Painter Makes Tabernacle Fit for a King

Alexandria Smith, Web Master

A beautiful custom tabernacle adorns the chapel, but its creator isn’t an Italian master: The artist is maintenance painter David Randazza.

According to Chris Somers, Director of Campus Ministry, tabernacles are generally very expensive, regardless of the materials used – gold, silver or wood – so it seemed natural for her to request a custom wooden tabernacle from Randazza, who is a longtime woodworker.

“Someone had mentioned to me that he does woodworking, so I asked him at the beginning of the year if he could make us one. So, he said he would do it and we got him the dimensions and showed him pictures of what we wanted. So he’s very talented,” she said.

According to the Catholic faith, a tabernacle is a locked box where the Eucharist is stored. The new wooden piece is made of hand stained oak boards with a lock, base and Mercy Crosses burned onto each door. The project, which took Randazza over 30 hours to complete, may be special, but works like this are not new to him.

In addition to decades worth of painting experience, Randazza has worked with wood for most of his life. However, that does not mean that the tabernacle did not pose any challenges.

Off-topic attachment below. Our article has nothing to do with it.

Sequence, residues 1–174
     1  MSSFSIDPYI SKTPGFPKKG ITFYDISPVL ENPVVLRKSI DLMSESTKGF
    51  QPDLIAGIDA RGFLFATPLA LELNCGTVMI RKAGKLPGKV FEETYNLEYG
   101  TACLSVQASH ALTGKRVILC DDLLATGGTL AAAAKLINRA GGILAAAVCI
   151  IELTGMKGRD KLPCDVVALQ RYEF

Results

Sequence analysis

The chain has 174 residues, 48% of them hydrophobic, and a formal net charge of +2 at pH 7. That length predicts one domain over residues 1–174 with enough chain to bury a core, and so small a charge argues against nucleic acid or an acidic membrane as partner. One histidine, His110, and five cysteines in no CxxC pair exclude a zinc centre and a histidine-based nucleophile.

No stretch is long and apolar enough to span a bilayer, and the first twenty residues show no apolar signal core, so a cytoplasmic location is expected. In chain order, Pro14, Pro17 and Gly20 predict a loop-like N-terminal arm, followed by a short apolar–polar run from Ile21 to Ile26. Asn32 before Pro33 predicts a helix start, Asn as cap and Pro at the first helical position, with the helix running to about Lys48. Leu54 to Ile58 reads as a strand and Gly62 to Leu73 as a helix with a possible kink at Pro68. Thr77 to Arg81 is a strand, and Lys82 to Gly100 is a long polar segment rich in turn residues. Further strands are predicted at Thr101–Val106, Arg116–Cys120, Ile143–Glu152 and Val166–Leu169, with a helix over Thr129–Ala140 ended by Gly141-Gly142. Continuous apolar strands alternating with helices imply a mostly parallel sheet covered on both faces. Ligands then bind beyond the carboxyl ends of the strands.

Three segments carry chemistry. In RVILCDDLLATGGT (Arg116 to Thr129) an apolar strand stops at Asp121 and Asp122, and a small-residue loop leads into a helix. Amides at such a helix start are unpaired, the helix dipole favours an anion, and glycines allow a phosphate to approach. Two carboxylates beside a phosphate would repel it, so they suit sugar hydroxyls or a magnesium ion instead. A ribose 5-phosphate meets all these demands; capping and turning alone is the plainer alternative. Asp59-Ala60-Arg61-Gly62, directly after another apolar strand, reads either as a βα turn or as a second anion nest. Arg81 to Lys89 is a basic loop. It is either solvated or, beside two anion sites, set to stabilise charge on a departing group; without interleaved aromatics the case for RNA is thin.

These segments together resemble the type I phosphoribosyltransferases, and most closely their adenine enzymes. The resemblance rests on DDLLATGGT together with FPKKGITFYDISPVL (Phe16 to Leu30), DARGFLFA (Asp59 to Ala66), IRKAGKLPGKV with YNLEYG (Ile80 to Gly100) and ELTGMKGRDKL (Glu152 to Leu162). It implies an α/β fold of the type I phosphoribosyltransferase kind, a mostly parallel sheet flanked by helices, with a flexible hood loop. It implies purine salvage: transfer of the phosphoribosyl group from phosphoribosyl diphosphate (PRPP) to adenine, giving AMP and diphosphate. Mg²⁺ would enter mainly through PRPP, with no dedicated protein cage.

“Working in the hard oak was difficult. Oak is one of the hardest woods, so to cut it, and to sand it, and to drill it, and to burn it, was extremely hard. So that was one of the hardest issues was making it all out of oak,” said Randazza.

He said burning of the Mercy Crosses onto the front of the tabernacle, entirely by hand, was a painstaking process.

“That was very challenging and meticulous because, if I messed it up, I’d have to make a whole new door because you can’t erase it, so it was very hard. It took me over an hour, hour and a half just to draw them on there perfectly and then wood burn them,” he said.

The positive response he’s received from staff and students has made his effort worth it.

“I have received nothing but compliments since I put in there,” said Randazza “Fifty people have complimented me already on how nice it looks in there [in the chapel]. I mean, that’s all of that hard work and it’ll last 150 years,”

Randazza feels that the most rewarding part of the project was seeing the looks of surprise on everyone’s faces when he finally revealed his work.

“I think it’s a great thing [to have a custom tabernacle] because looking at other tabernacles in line, there are hundreds and hundreds of them, and trying to think, do you want silver, do you want gold, do you want wood? Then, the more decorations you have, the more decorations there are, the more expensive they are, or the more ornate they are,” Somers said.

Some might say it was miraculous that Campus Ministry had Randazza and his talents right on campus – often literally next door.

“So for him to basically say ‘I could make whatever you want,’ that’s great, and to have something handmade like that, by one of our employees, well that means a lot than just buying or purchasing one off of a website, you know?” said Somers.

Randazza said his work will be on campus long after staff, students and faculty are gone.

“I put all of my heart and soul into that baby and it will last 150 years. They will never need an- other, you know? That’s the thing about making something custom – that, and it’s the only one like it. It’s the only one in the world,” he said.

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